State of Tennessee v. Michael Shane Springer - Concurring In Part and Dissenting In Part
Court description: Authoring Judge: Judge Alan E. GlennDownload as PDF
IN THE COURT OF CRIMINAL APPEALS OF TENNESSEE
Assigned on Briefs September 7, 2011
STATE OF TENNESSEE v. MICHAEL SHANE SPRINGER
Direct Appeal from the Circuit Court for Gibson County
Clayburn Peeples, Judge
No. W2010-02153-CCA-R3-CD - Filed February 16, 2012
A LAN E. G LENN, J., concurring in part and dissenting in part.
I agree with the conclusion of the lead opinion that certain of the issues raised by the
defendant are beyond the scope of this certified question. However, I would go a step further
and hold that the certified question itself is deficient, meaning that this court is without
jurisdiction and the appeal should be dismissed.
The certified question in this appeal states as follows:
Whether the Trial Court erred in failing to grant the defendant’s Motion
to Dismiss alleging the State violated the provisions of the Interstate
Agreement on Detainers (T.C.A. § 40-31-101 et seq., U.S. Code Title 18-App)
and the anti-shuttling provisions therein pursuant to Alabama v. Bozeman,
53 U.S. 146 (2001).
For reasons which I will explain, I conclude that this language is inadequate and,
therefore, would dismiss the appeal.
According to the certified question, the State violated the defendant’s rights under the
Interstate Agreement on Detainers Act (“IAD”) both in general, and more specifically, its
anti-shuttling provisions, in a manner in which the question does not allege.
In State v. Preston, 759 S.W.2d 647 (Tenn. 1988), our supreme court emphasized that
the burden is on the defendant to ensure that the conditions for properly preserving a question
of law pursuant to Rule 37 have been met:
This is an appropriate time for this Court to make explicit to the bench
and bar exactly what the appellate courts will hereafter require as prerequisites
to the consideration of the merits of a question of law certified pursuant to
Tenn. R. Crim. P. 37(b)(2)(i) or (iv). Regardless of what has appeared in prior
petitions, orders, colloquy in open court or otherwise, the final order or
judgment from which the time begins to run to pursue a T.R.A.P. 3 appeal
must contain a statement of the dispositive certified question of law reserved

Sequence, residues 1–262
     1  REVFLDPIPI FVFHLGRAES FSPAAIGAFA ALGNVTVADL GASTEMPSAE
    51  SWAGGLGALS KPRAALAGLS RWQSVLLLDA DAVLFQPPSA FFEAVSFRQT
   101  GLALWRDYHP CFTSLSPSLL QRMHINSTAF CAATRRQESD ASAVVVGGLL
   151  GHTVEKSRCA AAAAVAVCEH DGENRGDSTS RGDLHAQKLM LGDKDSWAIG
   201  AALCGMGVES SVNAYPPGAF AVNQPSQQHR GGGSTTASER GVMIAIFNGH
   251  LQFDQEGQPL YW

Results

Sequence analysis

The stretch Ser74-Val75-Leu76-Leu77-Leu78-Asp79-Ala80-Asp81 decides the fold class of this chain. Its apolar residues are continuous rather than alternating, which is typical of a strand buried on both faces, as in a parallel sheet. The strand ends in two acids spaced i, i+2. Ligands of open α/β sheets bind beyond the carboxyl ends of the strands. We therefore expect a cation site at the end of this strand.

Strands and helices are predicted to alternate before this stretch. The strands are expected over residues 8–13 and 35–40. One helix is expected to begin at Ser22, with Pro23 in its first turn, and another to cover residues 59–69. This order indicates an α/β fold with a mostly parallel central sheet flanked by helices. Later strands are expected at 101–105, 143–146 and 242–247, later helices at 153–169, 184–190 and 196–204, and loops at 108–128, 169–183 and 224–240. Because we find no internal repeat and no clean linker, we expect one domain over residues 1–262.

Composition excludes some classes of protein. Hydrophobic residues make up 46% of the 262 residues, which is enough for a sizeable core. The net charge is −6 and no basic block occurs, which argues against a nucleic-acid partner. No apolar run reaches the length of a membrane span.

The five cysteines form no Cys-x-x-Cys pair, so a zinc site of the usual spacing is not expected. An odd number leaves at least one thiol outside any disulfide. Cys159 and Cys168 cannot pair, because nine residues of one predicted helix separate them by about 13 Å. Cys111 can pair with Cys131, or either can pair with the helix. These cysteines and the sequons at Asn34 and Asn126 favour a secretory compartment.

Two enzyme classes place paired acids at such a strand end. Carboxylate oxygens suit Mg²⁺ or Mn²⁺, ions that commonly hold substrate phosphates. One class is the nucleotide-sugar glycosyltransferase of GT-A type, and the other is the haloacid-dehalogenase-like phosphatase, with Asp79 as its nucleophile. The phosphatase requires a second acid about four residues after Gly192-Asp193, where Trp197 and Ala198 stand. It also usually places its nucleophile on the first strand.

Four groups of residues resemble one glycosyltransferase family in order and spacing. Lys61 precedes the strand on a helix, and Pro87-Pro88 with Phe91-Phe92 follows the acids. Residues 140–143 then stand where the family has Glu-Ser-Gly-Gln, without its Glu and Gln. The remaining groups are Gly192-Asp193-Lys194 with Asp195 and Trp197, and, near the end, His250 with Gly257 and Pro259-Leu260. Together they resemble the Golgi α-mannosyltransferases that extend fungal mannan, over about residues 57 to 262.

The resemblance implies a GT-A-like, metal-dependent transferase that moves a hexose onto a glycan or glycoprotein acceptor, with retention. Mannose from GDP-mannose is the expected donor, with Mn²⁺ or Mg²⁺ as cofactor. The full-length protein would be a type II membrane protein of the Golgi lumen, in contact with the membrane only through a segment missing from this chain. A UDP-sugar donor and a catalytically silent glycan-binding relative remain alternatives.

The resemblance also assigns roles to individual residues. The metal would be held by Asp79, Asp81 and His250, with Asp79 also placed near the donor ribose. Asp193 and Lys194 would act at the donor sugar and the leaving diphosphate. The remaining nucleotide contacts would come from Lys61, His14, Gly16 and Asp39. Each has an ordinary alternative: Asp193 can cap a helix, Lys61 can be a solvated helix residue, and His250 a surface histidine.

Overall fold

by defendant for appellate review and the question of law must be stated so as
to clearly identify the scope and the limits of the legal issue reserved. For
example, where questions of law involve the validity of searches and the
admissibility of statements and confessions, etc., the reasons relied upon by
defendant in the trial court at the suppression hearing must be identified in the
statement of the certified question of law and review by the appellate courts
will be limited to those passed upon by the trial judge and stated in the
certified question, absent a constitutional requirement otherwise. . . . No issue
beyond the scope of the certified question will be considered.
Id. at 650.
In State v. Pendergrass, 937 S.W.2d 834 (Tenn. 1996), our supreme court applied the
holding in Preston in concluding that the following statement in a court order, even if timely,
would not have sufficiently stated a certified question:
It appears that the Defendant, SHERYL PENDERGRASS, by and
through counsel, has timely filed a Notice of Appeal in this case. The
Defendant is appealing a certified question of law with regard to a Motion to
It appears that the Defendant filed a Motion to Suppress evidence based
upon allegations that the State illegally obtained evidence by listening to
conversations of the Defendant and other persons by electronically monitoring
the Defendant’s cordless telephone conversations. This Motion was heard on
August 14, 1992. The Court entered an order overruling the Defendant’s
Motion. Subsequently on November 23, 1992 a hearing was had to
supplement the record and the Court duly considered all the new evidence
presented with regard to the suppression of the evidence and after considering
all of the other evidence entered another order overruling the Motion to
Suppress. The Defendant entered a plea of guilty on that day and subsequently
a sentencing hearing was held on January 15, 1993.
The Defendant has now timely filed a Notice of Appeal and has
explicitly reserved with consent of the State and of the trial court the right to
appeal the certified question of law that is dispositive of the case.
In the Court of Criminal Appeals, the State sought dismissal of the